Universal Design for All

by Lisa Stewart 14 Aug 2013

Universal Design really means ‘design for all.’  The buzz in the industry is just amazing, as Universal Design goes mainstream and effectively becomes the new Green. Baby boomers caught in the middle caring for their parents and grandchildren are realizing it’s just better design for everyone. 

U.D. is becoming cutting edge, even trendy. This is NOT your grandmother’s institutional-looking nursing home anymore! Manufacturers have introduced luxury lines all geared for the baby boomers' tastes.

Industry experts say the best time to age-proof a house is during building or remodeling — before disabilities require it. Here are a few steps you can take in that direction.
 - You should be able to easily push wheelchair and baby stroller through entries that are step-less and covered. All doorways should be least 36 inches wide.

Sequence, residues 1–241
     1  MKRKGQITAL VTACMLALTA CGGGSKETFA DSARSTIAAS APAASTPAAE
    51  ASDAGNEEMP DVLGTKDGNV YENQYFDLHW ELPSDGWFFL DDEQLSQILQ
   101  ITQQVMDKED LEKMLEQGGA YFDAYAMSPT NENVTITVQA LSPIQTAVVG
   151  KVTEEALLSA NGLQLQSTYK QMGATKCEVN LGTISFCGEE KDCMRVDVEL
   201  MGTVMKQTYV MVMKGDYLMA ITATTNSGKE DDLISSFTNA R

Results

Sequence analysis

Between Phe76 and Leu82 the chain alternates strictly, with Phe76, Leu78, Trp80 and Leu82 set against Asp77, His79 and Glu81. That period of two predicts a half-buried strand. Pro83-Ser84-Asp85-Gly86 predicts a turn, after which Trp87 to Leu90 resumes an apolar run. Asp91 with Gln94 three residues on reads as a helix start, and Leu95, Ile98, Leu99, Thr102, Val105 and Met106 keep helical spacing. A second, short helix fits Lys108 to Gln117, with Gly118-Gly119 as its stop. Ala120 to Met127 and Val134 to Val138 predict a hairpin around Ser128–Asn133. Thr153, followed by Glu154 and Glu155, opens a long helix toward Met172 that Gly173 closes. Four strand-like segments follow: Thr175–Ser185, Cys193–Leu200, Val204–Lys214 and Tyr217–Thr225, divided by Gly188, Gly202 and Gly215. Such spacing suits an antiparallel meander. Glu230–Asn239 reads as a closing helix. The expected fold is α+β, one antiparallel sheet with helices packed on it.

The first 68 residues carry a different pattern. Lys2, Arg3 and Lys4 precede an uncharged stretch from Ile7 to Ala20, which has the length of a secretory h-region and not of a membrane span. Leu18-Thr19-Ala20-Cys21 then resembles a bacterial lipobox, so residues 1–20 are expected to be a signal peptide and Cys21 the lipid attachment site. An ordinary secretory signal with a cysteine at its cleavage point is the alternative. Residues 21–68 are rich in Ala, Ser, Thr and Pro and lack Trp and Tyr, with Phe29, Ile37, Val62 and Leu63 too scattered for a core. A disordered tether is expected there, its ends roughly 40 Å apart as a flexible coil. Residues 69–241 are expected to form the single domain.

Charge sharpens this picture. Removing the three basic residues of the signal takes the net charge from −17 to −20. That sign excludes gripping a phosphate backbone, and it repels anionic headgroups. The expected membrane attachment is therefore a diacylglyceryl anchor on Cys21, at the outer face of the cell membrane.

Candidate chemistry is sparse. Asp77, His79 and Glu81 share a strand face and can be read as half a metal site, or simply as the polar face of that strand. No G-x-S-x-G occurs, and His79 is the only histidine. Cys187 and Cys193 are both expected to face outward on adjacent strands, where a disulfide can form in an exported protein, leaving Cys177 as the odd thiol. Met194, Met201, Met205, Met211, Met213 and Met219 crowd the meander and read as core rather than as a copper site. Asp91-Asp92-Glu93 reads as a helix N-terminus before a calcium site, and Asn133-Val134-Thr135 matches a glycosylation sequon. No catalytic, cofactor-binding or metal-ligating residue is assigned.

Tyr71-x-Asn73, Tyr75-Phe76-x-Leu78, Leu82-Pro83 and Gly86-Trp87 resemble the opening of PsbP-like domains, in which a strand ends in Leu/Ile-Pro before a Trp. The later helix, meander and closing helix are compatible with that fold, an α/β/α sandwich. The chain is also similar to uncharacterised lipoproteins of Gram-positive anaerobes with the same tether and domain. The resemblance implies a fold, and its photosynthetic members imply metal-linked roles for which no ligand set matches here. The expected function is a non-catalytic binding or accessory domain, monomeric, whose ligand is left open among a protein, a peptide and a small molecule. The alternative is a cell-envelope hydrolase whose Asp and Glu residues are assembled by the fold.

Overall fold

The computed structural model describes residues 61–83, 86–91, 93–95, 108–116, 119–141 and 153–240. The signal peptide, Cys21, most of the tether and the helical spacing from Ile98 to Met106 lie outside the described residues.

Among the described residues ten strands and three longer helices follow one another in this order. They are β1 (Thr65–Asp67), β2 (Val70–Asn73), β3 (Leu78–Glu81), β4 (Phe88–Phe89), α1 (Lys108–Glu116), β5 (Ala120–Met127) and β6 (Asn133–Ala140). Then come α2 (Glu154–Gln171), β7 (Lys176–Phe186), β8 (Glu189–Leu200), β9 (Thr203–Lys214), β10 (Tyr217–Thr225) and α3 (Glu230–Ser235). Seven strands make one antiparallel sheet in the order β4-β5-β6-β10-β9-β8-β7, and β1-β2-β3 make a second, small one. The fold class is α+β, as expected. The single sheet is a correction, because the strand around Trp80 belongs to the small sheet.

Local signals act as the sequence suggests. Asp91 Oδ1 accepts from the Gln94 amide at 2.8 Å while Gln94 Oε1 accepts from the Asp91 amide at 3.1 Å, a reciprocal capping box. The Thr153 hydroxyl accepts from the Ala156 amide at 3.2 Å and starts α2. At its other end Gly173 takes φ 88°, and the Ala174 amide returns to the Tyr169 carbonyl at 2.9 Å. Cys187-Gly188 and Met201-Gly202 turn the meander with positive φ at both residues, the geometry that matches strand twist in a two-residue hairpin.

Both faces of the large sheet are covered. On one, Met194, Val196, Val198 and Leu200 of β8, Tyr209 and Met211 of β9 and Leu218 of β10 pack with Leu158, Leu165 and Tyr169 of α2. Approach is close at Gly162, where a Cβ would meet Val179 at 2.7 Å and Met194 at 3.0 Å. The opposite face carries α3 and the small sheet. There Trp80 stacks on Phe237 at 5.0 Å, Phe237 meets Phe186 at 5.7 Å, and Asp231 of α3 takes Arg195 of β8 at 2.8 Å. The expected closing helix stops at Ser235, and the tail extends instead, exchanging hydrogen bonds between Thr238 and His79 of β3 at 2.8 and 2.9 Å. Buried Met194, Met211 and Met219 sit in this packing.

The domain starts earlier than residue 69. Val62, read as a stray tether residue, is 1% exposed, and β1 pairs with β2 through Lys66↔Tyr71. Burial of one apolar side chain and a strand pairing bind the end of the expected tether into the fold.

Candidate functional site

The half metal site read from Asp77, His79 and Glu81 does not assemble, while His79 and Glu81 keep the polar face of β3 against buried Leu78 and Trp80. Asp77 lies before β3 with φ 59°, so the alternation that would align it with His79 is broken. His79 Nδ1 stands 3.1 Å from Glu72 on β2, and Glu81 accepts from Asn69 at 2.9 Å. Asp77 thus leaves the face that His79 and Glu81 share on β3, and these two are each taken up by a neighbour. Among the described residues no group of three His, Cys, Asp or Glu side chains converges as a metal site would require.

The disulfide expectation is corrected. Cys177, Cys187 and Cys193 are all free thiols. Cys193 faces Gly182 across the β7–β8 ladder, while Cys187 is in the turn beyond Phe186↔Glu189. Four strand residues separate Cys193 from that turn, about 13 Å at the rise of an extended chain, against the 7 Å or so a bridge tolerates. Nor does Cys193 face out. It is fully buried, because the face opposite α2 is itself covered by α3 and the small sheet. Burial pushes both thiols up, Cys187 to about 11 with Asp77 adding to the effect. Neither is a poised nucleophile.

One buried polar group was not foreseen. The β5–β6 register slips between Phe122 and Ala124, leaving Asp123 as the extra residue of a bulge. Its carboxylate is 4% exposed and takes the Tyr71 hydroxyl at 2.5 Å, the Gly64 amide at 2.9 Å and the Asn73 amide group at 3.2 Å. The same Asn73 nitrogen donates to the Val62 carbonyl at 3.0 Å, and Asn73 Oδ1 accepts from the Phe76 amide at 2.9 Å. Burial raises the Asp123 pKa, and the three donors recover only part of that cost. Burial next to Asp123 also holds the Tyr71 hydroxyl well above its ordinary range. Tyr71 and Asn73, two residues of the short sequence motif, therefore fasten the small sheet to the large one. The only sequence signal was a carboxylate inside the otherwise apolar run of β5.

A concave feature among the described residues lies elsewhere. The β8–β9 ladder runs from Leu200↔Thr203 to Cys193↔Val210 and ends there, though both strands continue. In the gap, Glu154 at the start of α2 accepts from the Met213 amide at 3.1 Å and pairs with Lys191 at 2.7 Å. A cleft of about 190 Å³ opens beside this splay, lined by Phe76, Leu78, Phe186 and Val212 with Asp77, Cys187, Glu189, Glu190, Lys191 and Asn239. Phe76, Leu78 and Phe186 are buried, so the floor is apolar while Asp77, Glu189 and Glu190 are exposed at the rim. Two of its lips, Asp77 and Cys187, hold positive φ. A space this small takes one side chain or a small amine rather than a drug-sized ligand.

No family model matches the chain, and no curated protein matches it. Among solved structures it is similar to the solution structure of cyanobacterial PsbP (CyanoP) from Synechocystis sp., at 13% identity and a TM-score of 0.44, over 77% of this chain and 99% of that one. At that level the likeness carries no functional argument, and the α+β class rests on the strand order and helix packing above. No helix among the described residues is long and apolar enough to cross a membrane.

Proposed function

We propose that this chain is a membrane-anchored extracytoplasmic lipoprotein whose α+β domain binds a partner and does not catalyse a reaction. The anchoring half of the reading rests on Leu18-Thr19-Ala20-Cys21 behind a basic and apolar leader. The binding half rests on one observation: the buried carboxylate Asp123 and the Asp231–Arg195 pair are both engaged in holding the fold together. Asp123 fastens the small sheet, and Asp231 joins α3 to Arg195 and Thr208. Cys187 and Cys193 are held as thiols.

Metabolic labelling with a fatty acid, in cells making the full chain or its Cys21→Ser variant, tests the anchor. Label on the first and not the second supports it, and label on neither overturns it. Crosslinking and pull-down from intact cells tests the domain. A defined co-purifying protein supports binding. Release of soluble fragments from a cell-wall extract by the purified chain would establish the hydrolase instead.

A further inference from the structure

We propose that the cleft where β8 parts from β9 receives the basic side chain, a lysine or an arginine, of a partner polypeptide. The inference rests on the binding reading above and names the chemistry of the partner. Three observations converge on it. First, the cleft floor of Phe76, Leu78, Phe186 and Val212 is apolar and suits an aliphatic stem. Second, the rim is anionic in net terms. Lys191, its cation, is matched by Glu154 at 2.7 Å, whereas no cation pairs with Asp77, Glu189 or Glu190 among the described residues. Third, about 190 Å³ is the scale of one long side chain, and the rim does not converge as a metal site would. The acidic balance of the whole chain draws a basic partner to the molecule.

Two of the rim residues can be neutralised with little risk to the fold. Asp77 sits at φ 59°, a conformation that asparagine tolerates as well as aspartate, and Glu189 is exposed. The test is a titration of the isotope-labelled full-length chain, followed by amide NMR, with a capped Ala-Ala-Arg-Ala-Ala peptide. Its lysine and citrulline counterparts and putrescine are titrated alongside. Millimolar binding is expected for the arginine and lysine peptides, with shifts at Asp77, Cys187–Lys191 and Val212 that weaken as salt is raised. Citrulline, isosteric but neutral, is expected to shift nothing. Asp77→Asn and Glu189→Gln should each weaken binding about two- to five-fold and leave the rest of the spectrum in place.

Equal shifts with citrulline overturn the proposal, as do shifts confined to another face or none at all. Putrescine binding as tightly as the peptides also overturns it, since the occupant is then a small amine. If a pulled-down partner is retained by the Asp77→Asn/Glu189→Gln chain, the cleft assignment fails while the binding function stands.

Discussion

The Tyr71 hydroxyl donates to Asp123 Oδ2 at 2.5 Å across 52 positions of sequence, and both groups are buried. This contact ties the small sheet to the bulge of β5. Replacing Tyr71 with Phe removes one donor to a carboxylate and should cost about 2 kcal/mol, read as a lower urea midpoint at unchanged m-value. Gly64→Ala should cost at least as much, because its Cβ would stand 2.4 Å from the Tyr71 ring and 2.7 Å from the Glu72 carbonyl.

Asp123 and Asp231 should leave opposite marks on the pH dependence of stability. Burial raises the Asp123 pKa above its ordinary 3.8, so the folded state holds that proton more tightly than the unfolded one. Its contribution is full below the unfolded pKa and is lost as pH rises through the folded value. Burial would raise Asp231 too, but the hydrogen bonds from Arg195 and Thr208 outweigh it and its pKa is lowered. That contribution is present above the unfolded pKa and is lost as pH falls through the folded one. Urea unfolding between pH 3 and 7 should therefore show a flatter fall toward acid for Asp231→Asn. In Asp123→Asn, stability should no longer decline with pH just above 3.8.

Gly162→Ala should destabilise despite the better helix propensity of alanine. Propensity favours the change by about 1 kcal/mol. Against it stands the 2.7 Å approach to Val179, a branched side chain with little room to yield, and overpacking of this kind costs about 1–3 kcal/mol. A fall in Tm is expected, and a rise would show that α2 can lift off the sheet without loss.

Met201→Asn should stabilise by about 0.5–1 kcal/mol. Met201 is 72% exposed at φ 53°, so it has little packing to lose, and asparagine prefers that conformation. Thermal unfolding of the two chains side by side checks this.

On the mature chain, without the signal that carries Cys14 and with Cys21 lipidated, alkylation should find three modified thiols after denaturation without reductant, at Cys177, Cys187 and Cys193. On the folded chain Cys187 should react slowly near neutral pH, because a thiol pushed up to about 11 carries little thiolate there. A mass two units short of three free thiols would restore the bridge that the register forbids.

- Reduce reaching by having outlets 18 inches above the finished floor and all switches placed 36 to 44 inches high.
 - Reduce bending with waist-level access and pull-out storage and appliances in specially designed kitchen and bath cabinets.
 - Avoid falling risks with grab bars and raised toilets that glow in the dark.
 - Avoid having to use stairs with an elevator accessing all floors.

According to a recent AARP study about 80 percent of Americans age 45 and older prefer to “age in place” — that is, to remain in their current homes and communities. To get started, make accessibility a priority by remodeling the bathroom first. You will end up with a gorgeous, light-filled room that will keep you and your family safe in the home you love for years. Here’s a photo highlighting a few Universal Design ideas for the bathroom.  

Lisa Stewart is an Interior Designer in Raleigh, NC.